BBC First (on Now TV in Hong Kong) claims to be “the home of premium drama from the BBC. Enjoy all new shows brought to you first and on demand”.

So - Sherlock season 4, that would be on BBC First?  Well, yes it is in other parts of Asia, but in Hong Kong you need to pay an extra $70 to watch the three episodes on another Now TV service!

BBC First does have season 3 of Sherlock (from three years ago), and they have recently added the special episode “The Abominable Bride” (January 2016), so maybe we can look forward to season 4 a year from now.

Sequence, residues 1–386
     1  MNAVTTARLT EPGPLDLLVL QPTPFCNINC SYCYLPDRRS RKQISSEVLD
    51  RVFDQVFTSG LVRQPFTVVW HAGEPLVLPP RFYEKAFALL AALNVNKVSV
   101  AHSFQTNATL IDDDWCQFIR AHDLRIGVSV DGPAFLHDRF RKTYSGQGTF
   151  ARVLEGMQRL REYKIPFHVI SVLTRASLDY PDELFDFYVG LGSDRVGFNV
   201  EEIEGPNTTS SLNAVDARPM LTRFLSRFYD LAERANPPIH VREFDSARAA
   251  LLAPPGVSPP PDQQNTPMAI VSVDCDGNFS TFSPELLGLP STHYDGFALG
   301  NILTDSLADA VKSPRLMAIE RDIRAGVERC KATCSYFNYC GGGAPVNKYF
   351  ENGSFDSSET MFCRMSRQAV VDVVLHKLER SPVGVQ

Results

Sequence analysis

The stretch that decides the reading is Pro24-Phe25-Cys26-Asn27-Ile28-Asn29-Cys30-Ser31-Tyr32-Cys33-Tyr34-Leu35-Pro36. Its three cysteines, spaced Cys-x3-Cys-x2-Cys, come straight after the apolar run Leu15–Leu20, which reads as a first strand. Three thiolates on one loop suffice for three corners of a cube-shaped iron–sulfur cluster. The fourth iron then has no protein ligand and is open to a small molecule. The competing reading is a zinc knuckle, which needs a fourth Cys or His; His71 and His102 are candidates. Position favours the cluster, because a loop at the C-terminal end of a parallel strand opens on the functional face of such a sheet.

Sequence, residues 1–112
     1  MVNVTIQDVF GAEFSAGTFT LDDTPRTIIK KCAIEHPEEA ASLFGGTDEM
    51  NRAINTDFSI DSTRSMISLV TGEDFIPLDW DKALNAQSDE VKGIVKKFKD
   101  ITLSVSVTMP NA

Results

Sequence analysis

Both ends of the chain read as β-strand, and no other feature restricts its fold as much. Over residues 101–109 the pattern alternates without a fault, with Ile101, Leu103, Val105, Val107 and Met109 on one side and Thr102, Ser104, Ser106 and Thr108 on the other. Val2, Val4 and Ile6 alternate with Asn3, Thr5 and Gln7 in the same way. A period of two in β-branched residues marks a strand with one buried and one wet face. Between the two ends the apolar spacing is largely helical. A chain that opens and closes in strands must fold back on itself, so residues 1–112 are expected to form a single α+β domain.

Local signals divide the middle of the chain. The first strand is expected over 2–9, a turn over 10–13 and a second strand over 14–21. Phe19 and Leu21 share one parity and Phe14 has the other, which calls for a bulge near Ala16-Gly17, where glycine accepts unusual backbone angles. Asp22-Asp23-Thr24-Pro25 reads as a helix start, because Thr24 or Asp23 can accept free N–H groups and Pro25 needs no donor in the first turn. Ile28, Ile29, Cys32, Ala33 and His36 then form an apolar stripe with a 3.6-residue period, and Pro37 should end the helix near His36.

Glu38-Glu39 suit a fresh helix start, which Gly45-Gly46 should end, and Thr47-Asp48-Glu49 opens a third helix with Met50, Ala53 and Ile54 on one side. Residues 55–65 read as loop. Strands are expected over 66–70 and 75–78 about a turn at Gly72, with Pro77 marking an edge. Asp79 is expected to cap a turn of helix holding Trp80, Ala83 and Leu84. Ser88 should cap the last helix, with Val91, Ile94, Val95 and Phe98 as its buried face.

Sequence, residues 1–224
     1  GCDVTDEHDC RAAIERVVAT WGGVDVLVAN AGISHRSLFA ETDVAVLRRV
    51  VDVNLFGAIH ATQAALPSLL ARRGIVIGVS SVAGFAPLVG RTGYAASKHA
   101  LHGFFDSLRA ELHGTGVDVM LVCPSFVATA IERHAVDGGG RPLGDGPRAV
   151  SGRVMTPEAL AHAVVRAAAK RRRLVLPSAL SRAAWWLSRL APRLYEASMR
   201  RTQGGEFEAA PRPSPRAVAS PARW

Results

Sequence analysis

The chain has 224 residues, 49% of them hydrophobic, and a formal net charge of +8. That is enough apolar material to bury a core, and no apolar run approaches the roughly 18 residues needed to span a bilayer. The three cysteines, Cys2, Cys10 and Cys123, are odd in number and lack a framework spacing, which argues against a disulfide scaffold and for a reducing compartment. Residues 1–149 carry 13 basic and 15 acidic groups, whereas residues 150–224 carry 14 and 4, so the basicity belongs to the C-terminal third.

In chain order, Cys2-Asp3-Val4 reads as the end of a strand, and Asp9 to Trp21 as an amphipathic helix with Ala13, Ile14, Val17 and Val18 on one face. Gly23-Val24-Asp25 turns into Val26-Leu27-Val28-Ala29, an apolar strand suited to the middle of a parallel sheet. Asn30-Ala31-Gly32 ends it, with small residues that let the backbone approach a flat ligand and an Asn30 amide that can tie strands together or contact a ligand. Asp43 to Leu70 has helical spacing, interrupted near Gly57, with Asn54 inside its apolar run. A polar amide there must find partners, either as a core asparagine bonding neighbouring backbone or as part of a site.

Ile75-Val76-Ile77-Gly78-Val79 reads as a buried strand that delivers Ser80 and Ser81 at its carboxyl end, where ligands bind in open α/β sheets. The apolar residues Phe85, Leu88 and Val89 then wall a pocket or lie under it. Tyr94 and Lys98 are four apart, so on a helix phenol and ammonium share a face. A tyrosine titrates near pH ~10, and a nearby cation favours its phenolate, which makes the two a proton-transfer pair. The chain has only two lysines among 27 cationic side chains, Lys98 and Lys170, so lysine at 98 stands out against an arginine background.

To be fair, they are showing the new season of Doctor Who, as well as a few current BBC prime time dramas (Silent Witness, SS-GB, Call the Midwife, and Death in Paradise), a couple of ITV dramas (In Plain Sight and Unforgotten) plus daytime BBC’s Father Brown.

Singapore and Malaysia now have BBC Player, a streaming service similar to iPlayer, and this has a wider range of programming (though only a small fraction of what is on iPlayer in the UK).  No idea whether this eventually come to Hong Kong or even what shows will be available, and maybe they will still try to sell the top shows separately!


Soggy with a hint of Brexit

Cultural insight alert: Chinese consumers “prefer a hot, rice-based breakfast to cold cereal.”